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7 - Conduct disorder in context

Published online by Cambridge University Press:  11 August 2009

Jonathan Hill
Affiliation:
Royal Liverpool Children's Hospital
Barbara Maughan
Affiliation:
Institute of Psychiatry, London
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Summary

Introduction

Of all child psychiatric disorders, conduct problems show perhaps the strongest associations with psychosocial adversity. Both within the family and beyond, decades of research has documented links between disruptive behaviour problems and adverse environments: poverty and social disadvantage, disorganized neighbourhoods, poor schools, family breakdown, parental psychopathology, harsh and ineffective parenting and inadequate supervision all occur at higher than expected rates in conduct-disordered samples (Earls, 1994; Loeber & Stouthamer-Loeber, 1986).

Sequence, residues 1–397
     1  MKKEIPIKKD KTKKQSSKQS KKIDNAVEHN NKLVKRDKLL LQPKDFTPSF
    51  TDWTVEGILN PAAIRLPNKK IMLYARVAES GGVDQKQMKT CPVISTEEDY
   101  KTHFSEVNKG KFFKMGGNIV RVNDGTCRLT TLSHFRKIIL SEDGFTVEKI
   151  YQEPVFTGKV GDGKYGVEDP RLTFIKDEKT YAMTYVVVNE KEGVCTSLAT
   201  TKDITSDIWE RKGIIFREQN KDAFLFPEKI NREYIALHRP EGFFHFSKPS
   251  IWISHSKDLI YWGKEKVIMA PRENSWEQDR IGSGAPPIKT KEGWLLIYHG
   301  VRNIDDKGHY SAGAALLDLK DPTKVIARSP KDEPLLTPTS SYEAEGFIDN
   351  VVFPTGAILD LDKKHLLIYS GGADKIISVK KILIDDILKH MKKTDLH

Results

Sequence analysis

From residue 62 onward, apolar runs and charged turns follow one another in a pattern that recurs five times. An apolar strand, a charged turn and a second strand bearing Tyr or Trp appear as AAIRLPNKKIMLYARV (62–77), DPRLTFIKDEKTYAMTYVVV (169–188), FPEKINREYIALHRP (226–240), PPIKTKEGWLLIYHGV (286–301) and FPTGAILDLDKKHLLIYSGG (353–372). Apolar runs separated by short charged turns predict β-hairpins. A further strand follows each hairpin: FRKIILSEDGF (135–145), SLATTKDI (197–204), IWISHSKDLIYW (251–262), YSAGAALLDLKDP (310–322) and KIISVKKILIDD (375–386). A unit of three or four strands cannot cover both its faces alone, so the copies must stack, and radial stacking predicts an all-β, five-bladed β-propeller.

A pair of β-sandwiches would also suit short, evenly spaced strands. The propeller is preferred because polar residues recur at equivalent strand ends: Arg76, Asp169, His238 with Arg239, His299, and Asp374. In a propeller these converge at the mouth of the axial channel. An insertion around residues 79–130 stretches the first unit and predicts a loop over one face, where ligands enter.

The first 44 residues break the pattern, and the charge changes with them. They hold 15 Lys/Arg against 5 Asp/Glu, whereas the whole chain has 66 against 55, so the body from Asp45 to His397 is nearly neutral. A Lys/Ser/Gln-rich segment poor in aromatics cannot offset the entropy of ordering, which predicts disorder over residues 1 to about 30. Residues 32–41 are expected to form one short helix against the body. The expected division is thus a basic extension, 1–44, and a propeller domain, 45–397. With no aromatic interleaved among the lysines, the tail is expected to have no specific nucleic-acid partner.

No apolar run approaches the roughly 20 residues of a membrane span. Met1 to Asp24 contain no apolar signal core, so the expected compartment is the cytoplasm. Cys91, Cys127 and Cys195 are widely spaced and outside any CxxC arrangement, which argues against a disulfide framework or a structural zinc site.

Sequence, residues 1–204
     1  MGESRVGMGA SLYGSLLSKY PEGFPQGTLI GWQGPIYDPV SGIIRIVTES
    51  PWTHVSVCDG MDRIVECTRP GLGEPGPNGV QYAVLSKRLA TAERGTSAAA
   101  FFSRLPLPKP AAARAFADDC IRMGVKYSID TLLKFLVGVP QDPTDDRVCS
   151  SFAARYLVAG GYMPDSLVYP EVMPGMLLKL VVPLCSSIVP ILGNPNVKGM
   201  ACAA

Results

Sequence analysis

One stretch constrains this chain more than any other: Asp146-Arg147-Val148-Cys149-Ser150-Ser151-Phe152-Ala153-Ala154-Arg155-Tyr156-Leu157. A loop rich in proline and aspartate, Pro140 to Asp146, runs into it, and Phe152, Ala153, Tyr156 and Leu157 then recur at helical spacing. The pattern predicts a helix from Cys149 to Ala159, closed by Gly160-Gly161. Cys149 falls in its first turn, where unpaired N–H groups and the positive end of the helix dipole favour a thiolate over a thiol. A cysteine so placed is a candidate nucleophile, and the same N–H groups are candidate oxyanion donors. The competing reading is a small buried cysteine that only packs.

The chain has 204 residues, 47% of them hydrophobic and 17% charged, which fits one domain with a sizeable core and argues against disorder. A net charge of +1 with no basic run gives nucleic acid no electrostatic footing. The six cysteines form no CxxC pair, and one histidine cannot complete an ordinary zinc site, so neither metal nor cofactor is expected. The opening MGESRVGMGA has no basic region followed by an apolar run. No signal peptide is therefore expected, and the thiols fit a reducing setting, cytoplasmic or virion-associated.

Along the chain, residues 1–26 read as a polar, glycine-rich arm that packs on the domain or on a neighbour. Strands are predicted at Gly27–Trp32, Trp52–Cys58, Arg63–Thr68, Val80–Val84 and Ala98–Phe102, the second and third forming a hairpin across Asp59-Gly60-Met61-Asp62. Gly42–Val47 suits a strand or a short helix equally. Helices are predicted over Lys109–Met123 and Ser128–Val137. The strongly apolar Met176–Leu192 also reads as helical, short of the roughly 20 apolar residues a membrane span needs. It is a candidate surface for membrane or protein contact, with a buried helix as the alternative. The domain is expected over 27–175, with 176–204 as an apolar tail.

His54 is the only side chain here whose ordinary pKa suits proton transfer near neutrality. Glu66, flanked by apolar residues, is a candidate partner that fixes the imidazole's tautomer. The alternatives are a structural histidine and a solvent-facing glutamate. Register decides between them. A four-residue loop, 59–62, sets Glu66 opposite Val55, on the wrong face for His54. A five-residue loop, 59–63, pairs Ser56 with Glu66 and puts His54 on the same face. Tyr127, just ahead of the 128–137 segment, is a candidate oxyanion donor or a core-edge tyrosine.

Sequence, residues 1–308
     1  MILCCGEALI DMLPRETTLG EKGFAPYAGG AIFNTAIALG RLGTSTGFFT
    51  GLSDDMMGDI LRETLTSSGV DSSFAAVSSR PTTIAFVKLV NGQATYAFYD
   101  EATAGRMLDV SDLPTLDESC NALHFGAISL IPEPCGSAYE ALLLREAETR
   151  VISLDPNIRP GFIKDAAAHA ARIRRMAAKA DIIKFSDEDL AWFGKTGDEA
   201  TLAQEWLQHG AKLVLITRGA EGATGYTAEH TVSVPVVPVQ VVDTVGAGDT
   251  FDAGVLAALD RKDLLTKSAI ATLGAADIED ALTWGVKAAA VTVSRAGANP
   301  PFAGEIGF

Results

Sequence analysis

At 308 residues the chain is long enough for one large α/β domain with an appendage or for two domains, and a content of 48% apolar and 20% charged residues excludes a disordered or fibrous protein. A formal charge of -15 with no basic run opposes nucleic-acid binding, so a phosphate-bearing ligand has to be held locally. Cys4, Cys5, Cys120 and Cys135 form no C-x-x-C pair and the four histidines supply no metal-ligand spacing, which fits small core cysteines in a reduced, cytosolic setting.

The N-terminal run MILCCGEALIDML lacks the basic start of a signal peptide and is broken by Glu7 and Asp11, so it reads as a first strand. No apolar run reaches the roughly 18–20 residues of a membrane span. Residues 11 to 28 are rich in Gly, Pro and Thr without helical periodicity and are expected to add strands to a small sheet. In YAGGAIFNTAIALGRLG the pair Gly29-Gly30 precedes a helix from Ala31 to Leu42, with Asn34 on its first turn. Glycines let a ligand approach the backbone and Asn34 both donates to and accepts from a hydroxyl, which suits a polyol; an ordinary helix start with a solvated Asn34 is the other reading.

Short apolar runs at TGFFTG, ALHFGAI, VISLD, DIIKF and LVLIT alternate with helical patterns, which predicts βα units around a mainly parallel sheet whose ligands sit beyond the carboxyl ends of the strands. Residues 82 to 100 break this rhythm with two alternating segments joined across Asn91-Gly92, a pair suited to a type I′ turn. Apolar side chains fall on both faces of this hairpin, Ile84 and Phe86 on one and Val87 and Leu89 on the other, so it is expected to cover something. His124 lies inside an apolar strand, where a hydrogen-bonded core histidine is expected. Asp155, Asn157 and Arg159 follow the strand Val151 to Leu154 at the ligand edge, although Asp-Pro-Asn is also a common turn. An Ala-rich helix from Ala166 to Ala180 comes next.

The consistency of these associations is in no doubt; interpreting their meaning has proved more challenging. First, especially in relation to family and peer-based correlates, there are quite basic questions of the direction of effects: children influence, as well as being influenced by, those around them (Lytton, 1990), so no simple assumptions can be made about the direction of the causal arrow. Second, behaviour genetic studies have shown that many ostensibly ‘environmental’ measures involve genetic mediation (Plomin & Bergeman, 1991), and that risks for conduct disorder are likely to involve a complex interplay between nature and nurture. Third, the environmental factors measured in many epidemiological studies – low SES, parental discord, harsh parenting, and so forth – are cast at too general a level to be more than broad brush indicators of the processes that are actually likely to put children at risk. To understand their effects, we need to ‘unpack’ their meaning.

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Publisher: Cambridge University Press
Print publication year: 2000

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